[Sidenote: THE MOSQUE OF AURUNGZEB.]
From this stirring scene you have only a few steps to go to find yourself in the large mosque built by the Emperor Aurungzeb on the site of the old temple of Bisheshwar, which was thrown down to give place to it. The contrast is very striking. You have left the bustling, noisy crowd, and see only a few individuals in the attitude of devotion -- now standing with folded hands, then on their knees, then with forehead touching the floor, engaged in supplicating the Invisible One. Instead of grotesque and repulsive images meeting your view, you see very little ornament of any kind, and are impressed with the severe simplicity of the lofty building. The more one knows of Muhammadanism, the more grievous are its defects and errors seen to be; but in the simplicity of its mosques, which has nothing in common with the sordid barn-like bareness too characteristic at one time of many places of worship in our own land, there is much from which Christians might learn a useful lesson.
Within a stone's throw of Bisheshwar's temple there is a host of temples, none of them very large, some of them small, but most covered with carving, to some extent for mere ornamentation, but chiefly for the purpose of illustrating the objects of Hindu worship. If you visit them you will see everything is accordant with the great shrine you have left. You will see Shiva, sometimes seated on a bull, sometimes on a dog; his hideous partner Durga, with her eight arms and her ferocious look, indicating her delight in blood; Hanuman, the monkey-god, with his huge tail; Krishna engaged in his gambols; Ganesh, the god of wisdom, with his elephant head and protuberant belly; and many others beside. Everything you see is wild, grotesque, unnatural, forbidding, utterly wanting in verisimilitude and refinement, with nothing to purify and raise the people, with everything fitted to pervert their taste and lower their character; and yet, I must add, with everything to give a faithful representation of the mythology prepared by their religious leaders. The pundits who wrote the sacred books of the Hindus were men of great talent, of abundant leisure; and it is a marvel to me, of which I can give no explanation, how they spent their days in spinning the wildest legends, and in setting forth their gods as performing the most fantastic, capricious, foolish, and wicked deeds, when they had a clear canvas before them, and might have filled it with something worthy of our nature, and worthy of objects to be worshipped.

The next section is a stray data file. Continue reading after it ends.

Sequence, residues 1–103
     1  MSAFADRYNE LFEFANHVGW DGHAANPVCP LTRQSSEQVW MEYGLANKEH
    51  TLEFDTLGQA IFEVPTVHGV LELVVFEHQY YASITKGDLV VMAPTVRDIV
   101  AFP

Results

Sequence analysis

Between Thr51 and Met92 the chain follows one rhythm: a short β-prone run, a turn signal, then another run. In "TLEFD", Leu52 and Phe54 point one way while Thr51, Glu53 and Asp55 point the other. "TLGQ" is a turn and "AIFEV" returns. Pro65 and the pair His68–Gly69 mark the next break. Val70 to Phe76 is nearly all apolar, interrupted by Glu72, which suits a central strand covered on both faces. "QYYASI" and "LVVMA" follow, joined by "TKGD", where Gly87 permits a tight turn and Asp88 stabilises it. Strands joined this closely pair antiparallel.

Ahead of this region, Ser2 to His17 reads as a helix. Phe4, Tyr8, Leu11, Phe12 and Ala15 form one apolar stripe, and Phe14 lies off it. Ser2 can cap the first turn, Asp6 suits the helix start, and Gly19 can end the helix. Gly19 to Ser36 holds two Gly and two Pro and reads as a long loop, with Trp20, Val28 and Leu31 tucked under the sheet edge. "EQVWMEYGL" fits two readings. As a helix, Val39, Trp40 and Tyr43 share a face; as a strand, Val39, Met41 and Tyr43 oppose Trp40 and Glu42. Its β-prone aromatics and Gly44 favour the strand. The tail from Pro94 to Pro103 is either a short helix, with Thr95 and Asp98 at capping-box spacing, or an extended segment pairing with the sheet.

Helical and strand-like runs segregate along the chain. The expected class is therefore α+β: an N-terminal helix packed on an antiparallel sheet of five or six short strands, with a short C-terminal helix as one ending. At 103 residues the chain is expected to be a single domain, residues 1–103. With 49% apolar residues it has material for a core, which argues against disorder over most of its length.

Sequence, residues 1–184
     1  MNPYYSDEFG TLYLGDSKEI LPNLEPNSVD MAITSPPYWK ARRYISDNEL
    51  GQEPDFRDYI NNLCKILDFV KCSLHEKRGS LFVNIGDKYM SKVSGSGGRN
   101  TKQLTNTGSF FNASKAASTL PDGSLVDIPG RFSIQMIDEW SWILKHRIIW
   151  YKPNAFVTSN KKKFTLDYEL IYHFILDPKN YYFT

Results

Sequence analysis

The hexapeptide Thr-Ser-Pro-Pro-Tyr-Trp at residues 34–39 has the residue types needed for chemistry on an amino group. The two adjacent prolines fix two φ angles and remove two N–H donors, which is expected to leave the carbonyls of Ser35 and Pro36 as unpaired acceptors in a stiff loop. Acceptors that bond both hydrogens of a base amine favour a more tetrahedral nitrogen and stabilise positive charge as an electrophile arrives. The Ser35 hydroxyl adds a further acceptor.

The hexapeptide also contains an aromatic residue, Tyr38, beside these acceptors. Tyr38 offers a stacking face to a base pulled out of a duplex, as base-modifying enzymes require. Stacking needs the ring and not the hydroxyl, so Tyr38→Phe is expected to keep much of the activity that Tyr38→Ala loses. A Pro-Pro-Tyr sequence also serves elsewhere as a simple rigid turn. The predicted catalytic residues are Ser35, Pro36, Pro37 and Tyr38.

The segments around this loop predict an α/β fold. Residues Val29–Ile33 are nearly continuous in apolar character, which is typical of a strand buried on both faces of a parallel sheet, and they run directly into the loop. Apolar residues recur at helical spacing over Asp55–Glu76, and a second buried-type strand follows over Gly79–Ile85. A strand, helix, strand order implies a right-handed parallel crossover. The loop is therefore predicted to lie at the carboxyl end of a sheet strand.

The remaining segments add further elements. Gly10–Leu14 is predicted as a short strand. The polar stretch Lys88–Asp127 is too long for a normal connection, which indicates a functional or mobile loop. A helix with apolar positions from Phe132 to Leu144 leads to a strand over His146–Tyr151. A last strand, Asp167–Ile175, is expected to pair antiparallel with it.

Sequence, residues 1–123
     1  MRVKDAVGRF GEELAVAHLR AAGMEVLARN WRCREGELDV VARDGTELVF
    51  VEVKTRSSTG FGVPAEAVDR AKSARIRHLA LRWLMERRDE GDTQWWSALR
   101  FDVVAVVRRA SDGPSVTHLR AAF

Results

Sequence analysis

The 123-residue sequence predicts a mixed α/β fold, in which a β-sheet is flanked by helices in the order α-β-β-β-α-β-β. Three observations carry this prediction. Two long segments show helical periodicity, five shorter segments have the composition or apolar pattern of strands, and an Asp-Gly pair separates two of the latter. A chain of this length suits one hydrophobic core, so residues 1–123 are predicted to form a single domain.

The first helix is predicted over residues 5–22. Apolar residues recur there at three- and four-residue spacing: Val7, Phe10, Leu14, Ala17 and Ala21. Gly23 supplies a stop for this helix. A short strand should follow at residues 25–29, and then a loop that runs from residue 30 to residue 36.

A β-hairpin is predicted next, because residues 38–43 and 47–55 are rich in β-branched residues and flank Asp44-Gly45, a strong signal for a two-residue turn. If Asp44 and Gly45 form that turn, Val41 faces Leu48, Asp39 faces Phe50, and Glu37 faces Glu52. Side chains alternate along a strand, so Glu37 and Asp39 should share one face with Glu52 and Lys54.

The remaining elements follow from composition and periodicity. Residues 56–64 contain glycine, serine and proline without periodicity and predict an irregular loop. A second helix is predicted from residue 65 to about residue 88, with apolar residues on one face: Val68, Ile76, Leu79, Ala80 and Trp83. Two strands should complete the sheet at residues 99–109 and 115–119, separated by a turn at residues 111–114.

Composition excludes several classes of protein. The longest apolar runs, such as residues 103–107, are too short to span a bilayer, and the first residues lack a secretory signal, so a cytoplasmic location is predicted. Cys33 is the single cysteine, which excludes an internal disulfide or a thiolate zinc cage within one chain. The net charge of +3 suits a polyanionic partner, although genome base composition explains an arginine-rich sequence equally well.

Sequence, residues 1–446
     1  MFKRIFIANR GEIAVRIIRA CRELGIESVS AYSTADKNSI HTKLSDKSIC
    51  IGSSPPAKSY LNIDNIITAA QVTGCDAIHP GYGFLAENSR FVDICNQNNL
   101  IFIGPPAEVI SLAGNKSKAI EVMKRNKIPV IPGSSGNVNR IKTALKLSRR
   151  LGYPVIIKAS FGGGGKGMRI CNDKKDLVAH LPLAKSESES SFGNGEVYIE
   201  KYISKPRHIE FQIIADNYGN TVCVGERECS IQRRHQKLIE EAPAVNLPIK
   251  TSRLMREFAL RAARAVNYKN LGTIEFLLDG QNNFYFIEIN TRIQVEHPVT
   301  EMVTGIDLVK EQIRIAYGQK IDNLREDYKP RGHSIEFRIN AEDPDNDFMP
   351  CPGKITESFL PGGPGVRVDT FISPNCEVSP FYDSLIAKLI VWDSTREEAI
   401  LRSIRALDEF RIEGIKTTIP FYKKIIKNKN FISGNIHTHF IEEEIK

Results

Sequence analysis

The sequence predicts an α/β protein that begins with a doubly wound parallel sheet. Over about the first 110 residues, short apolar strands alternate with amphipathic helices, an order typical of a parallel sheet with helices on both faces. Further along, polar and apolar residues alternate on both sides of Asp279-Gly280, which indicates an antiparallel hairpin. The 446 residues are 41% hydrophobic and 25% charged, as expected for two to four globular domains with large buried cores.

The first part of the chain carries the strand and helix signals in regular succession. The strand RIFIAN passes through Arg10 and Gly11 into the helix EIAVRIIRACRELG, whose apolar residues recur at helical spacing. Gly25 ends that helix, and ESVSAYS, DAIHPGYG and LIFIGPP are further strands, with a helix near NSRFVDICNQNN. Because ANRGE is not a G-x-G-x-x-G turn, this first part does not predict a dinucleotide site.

Aurungzeb's mosque has two lofty minarets, rising about a hundred and fifty feet above its floor, and thus having from the river an elevation of two hundred and fifty feet. From a boat on the river the visitor has the nearest and most impressive view of the city, with its peculiarities as the high place of Hindu worship. If he proceed to the top of one of the minarets, which is reached by a steep, dark spiral stair, he will have a most commanding and extensive view of the city, the river, and the country for many miles around. He will see that while the streets in the centre of the city are long and narrow, and have very lofty houses, beyond these the roads widen, and many of the houses are poor and mean. As his eye falls on the part beyond the most crowded portion, he will observe here and there fine mansions with gardens around them, evidently belonging to the wealthy portion of the community, but surrounded by poor streets.
[Sidenote: RETURN TO THE EUROPEAN STATION.]
After seeing what I have endeavoured to describe, the traveller is well pleased to get back to his boat, and to drop down the river to Raj Ghat, the northern end of the city, where, after his fatigue, he is happy to find a conveyance to convey him to the European station more than three miles distant.
During my residence in Benares I often made this trip from Assi-Sungam to Raj Ghat, generally in company with strangers. The last time I made it I was accompanied by the late Dr. Norman McLeod of Glasgow, and the late Dr. Watson of Dundee. They were greatly interested in what they saw, and repeatedly said the reality exceeded their expectation. Dr. McLeod was specially eager to see everything that could be seen, and in his own strong genial way expressed the feelings excited by the strange scenes before him.
I must press into the concluding part of this chapter, as concisely as I can, some additional facts which call for special notice.
The city as it now stands is quite modern. Though foundations dug up, and pieces of masonry seen in existing buildings, testify to its antiquity, we are told by those who are best qualified to judge that there is not a single house or temple the erection of which can be relegated to a more remote period than the reign of Akbar, who was a contemporary of our Queen Elizabeth.
Various estimates have been given of the number of temples. According to the census of 1872 the number is 1,454. This does not include smaller shrines in niches in the walls, which may be reckoned by thousands. The temples are constantly increasing in number; at no previous period were there so many as at present. Traders and bankers have prospered greatly under our rule, and, if devout Hindus, they deem themselves bound to devote a part of their wealth to the erection of a temple. A regard to their honour as well as to their gods prompts them to this spending of their money.